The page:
frictionless pulley as shown above. The system is released
from rest.
c. Use Newton’s Second Law to write an equation for
the 300 g mass.
500
g
300
g
A 500 g block lies on a horizontal tabletop. The coefficient of
kinetic friction between the block and the surface is 0.25.
The block is connected by a massless string to the second
block with a mass of 300 g. The string passes over a light
frictionless pulley as shown above. The system is released
from rest.
d. Find the acceleration of the system by simultaneously
solving the system of two equations.
500 g
300 g
A 500 g block lies on a horizontal tabletop. The coefficient of
kinetic friction between the block and the surface is 0.25.
The block is connected by a massless string to the second
block with a mass of 300 g. The string passes over a light
frictionless pulley as shown above. The system is released
from rest.
e. What is the tension force in the string?
**
An elevator (mass 4850 kg) is to be designed so that the
maximum acceleration is 0.0680g. What are the
maximum and minimum forces the motor should exert
on the supporting cable?
Two boxes are connected by a cord. A person pulls
horizontally on box A with force F = 40.0 N. The boxes
have masses of 10 kg and 12 kg. Ignore friction
between the boxes and the tabletop.
a) Show the free-body diagram of the box B.
b) Show the free-body diagram of the box A.
c) Find the acceleration of the system.
d) Find the tension in the cord.
mB =
12
kg
mA =
10
kg
FT = 40
N
Two boxes are connected by a cord. A person pulls
horizontally on box A with force F = 40.0 N. The boxes have
masses of 10 kg and 12 kg. Ignore friction between the
boxes and the tabletop.
a) Show the free-body diagram of the box B.
Two boxes are connected by a cord. A person pulls
horizontally on box A with force F = 40.0 N. The boxes have
masses of 10 kg and 12 kg. Ignore friction between the
boxes and the tabletop.
b) Show the free-body diagram of the box A.
Two boxes are connected by a cord. A person pulls
horizontally on box A with force F = 40.0 N. The boxes have
masses of 10 kg and 12 kg. Ignore friction between the
boxes and the tabletop.
c) Find the acceleration of the system.
Given:
mB = 12 kg
mA = 10 kg
Fapp = 40 N 2
g = 9.8 m/s
a=?
Two boxes are connected by a cord. A person pulls
horizontally on box A with force F = 40.0 N. The boxes have
masses of 10 kg and 12 kg. Ignore friction between the
boxes and the tabletop.
d) Find the tension in the cord.
Given:
mB = 12 kg
mA = 10 kg
Fapp = 40 N 2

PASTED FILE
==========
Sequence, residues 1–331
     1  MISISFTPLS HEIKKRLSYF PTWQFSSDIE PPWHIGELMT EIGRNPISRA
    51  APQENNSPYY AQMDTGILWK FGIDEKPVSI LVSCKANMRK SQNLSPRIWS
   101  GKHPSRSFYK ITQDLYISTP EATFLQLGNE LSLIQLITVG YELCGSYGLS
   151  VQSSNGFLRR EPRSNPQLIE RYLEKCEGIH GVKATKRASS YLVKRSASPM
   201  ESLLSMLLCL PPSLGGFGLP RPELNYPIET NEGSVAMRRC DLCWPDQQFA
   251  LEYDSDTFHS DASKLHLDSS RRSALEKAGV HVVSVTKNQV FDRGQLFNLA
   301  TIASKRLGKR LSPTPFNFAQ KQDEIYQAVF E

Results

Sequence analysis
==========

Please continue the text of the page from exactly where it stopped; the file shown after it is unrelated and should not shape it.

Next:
g = 9.8 m/s 2
a = 1.82 m/s
Two masses are suspended over a pulley by a
cable, as shown on the diagram. Let the mass
of the elevator be 1150 kg and the
counterweight 1000 kg.
a
E
Elevator
car
a) Show the free-body diagram of the elevator
b) Show the free-body diagram of the
counterweight
aC
mE =
1150 kg
c) Calculate the acceleration of the system
Counterweight
mC = 1000 kg
d) Calculate the tension in the cable
Two masses are suspended over a pulley by a cable, as shown
on the diagram. Let the mass of the elevator be 1150 kg and
the counterweight 1000 kg.
a) Show the free-body diagram of the elevator
a
E
Elevator
car
a
mE =
1150 kg
C
Counterweight
mC = 1000 kg
Two masses are suspended over a pulley by a cable, as
shown on the diagram. Let the mass of the elevator be 1150
kg and the counterweight 1000 kg.
b) Show the free-body diagram of the counterweight
aE
Elevator
car
mE =
1150 kg
aC
Counterweight
mC = 1000 kg
Two masses are suspended over a pulley by a cable, as
shown on the diagram. Let the mass of the elevator be 1150
kg and the counterweight 1000 kg.
c) Calculate the acceleration of the system
aE
Elevator
car
mE =
1150 kg
aC
Counterweight
mC = 1000 kg
Two masses are suspended over a pulley by a cable, as
shown on the diagram. Let the mass of the elevator be 1150
kg and the counterweight 1000 kg.
d) Calculate the tension in the cable
aE
Elevator
car
mE =
1150 kg
aC
Counterweight
mC = 1000 kg
Two boxes are connected by a cord
running over a pulley. The
coefficient of kinetic friction
between box A and the table is 0.2
5.0 kg
A
a) Show the free-body diagrams of
box A and box B
B
2.0 kg
b) Find the acceleration of the
system of two boxes
c) Find the tension in the cord
Two boxes are connected by a cord running over a pulley.
The coefficient of kinetic friction between box A and the table
is 0.2
a) Show the free-body diagrams of box A and box
B
5.0 kg
A
B
2.0 kg
Two boxes are connected by a cord running over a pulley.
The coefficient of kinetic friction between box A and the
table is 0.2
b) Find the acceleration of the system of two boxes
Given:
mA = 5 kg
mB = 2 kg 2
g = 9.8 m/s
μ = .2
a=?
5.0 kg
A
B
2.0 kg
Two boxes are connected by a cord running over a pulley.
The coefficient of kinetic friction between box A and the
table is 0.2
c) Find the tension in the cord
Given:
mA = 5 kg
mB = 2 kg
g = 29.8
m/s
μ = .2
a = 1.4
2
m/s
T=?
```